Cagle, Hazel Blanch Morris was born in Clay County, Alabama, the daughter of Arnslo Watson Morris and Mary Lillian Kelley. Elder Morris was a singing school teacher. She married William Kimzy "Kim" Cagle. They are buried at the Resthaven Memorial Gardens, Chambers County, Alabama. The tune Clark is based on a song from the Prince William Association of Primitive Baptist in South Carolina, which meeting the Cagles attended annually. They brought this tune back with them and it became popular with the churches in Chambers County. An arrangement was made by Stanley Smith based on the tune the Cagles sang. It is named for Sacred Harp singer Don Clark of Chambers County, Alabama. Hazel was a strong tenor singer. Two siblings – Floy Morris Wilder and Wynelle Morris Birchfield – also sang Sacred Harp.
453a Clark (with Kim Cagle & Stanley Smith)
Cagle, William Kimzy “Kim” was a native of Fulton County, Georgia. He was the son of James Jackson “Jim” Cagle and Savilla Mae Cochran. Jim Cagle was a singing school teacher. His headstone at the Boiling Springs Primitive Baptist Church Cemetery reads, "A Great Teacher and Lover of Sacred Harp Singing." Kim married Hazel Morris, and after their marriage they lived in the metro-Atlanta area. There they worked and raised their family, then retired to a 160 acre farm near Hazel’s father in Chambers County, Alabama. They spent much of their retirement time traveling to church meetings and Sacred Harp singings. In Chambers County they attended Ephesus Primitive Baptist Church in Fairfax. Kim sang tenor. He was not related to Alfred Marcus Cagle (See Steel, page 95).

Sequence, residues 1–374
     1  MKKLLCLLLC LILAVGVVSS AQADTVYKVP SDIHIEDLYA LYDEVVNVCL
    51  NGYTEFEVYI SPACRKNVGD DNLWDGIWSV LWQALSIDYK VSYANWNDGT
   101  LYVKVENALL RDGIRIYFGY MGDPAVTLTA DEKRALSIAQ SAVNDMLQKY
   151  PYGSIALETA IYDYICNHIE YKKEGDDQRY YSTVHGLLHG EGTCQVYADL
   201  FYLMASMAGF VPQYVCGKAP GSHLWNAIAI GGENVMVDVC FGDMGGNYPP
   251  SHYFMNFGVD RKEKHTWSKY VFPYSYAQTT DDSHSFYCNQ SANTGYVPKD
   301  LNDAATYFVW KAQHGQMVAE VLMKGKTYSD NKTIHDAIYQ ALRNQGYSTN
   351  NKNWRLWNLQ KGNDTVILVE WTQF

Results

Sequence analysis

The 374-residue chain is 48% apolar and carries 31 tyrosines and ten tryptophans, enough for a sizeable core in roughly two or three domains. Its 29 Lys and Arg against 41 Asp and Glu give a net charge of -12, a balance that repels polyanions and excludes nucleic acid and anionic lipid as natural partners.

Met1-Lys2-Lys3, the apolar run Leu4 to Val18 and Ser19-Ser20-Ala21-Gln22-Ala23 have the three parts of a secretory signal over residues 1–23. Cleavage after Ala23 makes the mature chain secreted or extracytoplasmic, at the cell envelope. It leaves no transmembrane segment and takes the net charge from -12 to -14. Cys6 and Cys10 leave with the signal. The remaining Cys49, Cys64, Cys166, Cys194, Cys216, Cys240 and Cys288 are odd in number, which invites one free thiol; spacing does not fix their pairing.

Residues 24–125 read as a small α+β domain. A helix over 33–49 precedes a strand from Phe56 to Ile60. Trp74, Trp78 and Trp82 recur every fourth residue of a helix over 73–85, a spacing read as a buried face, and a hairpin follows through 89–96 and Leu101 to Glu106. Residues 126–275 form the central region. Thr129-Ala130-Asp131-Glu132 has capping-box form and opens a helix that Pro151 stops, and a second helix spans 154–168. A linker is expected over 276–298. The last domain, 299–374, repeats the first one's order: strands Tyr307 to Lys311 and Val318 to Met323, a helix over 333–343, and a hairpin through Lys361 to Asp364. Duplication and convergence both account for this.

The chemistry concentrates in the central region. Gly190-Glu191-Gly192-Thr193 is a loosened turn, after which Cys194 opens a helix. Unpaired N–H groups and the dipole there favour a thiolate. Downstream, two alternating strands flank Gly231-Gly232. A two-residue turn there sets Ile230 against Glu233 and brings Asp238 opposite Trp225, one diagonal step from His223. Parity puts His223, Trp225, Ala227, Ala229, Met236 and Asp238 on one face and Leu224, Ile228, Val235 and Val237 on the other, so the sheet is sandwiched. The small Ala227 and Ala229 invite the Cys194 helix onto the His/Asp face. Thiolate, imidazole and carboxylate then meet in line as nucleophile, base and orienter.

453a Clark (with Hazel Cagle & Stanley Smith)